WASHINGTON – It had all the elements of a juicy conspiracy that even President Trump couldn't resist: A Pakistaki American who did IT work for Rep. Debbie Wasserman Schultz and other Democrats was stealing government secrets.

But federal prosecutors, who over 18 months interviewed 40 witnesses, said Tuesday that, "the government has uncovered no evidence that your client violated federal law with respect to the House computer system," including accessing classified information.

Imran Awan did plea guilty to making a false statement on a bank loan application, which was unrelated to his House work.

Wasserman Schultz, stuck by Awan while he came under suspicion but fired him after he was arrested on bank charges.

"We rely on our justice system to produce a fair result, after a considered, objective review," David Damron, a spokeswoman for Wasserman Schultz, told the Tampa Bay Times. "That role is even more important at a time when Donald Trump and his allies spread dangerous distortions with the intent of falsely smearing his political opponents."

For months, conservatives and conservative news outlets, chiefly the Daily Caller, had kept the conspiracy alive and last month Trump joined in, saying "Our Justice Department must not let Awan & Debbie Wasserman Schultz off the hook."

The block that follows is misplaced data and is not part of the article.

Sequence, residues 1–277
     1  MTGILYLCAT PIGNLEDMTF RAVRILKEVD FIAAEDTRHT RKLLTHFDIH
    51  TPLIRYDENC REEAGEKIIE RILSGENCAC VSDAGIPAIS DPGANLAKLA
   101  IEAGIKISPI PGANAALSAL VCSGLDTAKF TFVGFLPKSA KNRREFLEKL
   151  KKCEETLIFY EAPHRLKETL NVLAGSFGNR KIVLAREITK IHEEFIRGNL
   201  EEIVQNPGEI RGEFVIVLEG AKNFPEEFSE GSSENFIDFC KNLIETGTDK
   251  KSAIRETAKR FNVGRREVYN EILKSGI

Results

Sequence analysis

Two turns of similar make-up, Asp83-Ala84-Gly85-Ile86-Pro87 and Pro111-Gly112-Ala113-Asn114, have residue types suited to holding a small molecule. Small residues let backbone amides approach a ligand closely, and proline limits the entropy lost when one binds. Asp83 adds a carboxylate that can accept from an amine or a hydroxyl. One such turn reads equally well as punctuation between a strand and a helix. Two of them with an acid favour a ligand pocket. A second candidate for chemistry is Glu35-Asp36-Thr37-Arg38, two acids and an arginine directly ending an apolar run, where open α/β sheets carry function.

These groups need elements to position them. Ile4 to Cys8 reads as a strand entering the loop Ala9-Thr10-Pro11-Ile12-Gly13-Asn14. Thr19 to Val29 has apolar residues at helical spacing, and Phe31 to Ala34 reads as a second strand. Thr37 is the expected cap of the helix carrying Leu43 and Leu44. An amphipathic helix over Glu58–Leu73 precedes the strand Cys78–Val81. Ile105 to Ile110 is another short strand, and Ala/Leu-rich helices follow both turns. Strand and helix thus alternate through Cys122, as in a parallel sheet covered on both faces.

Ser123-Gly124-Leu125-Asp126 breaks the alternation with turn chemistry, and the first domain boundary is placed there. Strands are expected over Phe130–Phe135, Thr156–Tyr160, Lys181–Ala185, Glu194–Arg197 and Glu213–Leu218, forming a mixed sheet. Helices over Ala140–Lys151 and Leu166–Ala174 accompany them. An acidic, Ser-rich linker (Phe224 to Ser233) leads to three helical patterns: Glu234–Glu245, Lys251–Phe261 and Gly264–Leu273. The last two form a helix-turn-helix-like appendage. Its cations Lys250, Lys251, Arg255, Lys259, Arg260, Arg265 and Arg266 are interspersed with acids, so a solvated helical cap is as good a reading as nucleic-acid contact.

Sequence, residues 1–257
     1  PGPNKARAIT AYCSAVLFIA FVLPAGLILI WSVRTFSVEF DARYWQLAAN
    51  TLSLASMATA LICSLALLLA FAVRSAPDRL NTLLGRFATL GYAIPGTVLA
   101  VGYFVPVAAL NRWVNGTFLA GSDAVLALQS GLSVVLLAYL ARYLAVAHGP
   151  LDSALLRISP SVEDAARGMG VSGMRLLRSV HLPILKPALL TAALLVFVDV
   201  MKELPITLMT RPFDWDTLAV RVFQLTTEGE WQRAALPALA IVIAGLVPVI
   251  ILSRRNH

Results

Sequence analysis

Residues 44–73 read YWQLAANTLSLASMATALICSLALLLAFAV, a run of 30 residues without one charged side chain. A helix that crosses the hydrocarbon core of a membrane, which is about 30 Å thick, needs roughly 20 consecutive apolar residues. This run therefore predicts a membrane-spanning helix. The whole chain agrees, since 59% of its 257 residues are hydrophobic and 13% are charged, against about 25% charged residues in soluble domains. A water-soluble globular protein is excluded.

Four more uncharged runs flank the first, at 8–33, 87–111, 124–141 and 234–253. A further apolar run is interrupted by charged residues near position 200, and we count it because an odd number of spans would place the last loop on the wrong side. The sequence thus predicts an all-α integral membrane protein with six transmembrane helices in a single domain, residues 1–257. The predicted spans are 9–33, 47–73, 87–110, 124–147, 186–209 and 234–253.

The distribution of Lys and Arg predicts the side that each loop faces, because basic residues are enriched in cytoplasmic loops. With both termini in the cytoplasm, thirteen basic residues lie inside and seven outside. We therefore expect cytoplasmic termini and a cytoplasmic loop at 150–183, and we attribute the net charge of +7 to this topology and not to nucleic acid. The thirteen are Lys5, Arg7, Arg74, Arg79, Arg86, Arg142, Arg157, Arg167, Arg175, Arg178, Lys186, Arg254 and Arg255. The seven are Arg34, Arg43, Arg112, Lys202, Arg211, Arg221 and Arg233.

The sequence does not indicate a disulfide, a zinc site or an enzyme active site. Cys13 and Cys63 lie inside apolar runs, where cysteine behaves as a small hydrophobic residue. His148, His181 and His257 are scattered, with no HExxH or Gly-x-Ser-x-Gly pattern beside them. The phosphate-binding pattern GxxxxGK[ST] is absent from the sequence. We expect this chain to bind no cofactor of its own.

"This has cost me my reputation, my livelihood, my family," Awan told the Washington Post. "I can't believe this." He added, "The President used me to advance his political agenda."

The conspiracy was also spread by agriculture commissioner and Republican candidate for governor Adam Putnam, who tweeted a Daily Caller story on Monday.

"Gwen Graham and Democrats in Washington are doing everything they can to cover up a major bribery scandal," he wrote on Twitter.

Graham was one of several Florida Democrats in Congress who employed Awan. The Daily Caller story, which was quickly spread by conservative groups on the internet, said that Awan had tried to solicit a bribe for a contractor to work in Graham's office.

It cited the contractor as an anonymous source, and the allegation isn't mentioned in Awan's plea agreement.

Critics faulted federal prosecutors for not charging Awan with more.

"The decision to give the Pakistani who is the heart of the Congressional IT scandal, where hundreds of thousands of dollars where taxpayer's computer equipment went missing and the security of the entire Congressional email system was compromised, a slap on the wrist is a punch in the gut to the rule of law," said the conservative group Americans for Limited Government. "It is unconscionable that the Department of Justice has dropped the ball so thoroughly on this case."

Times/Herald staff writer Lawrence Mower contributed to this report.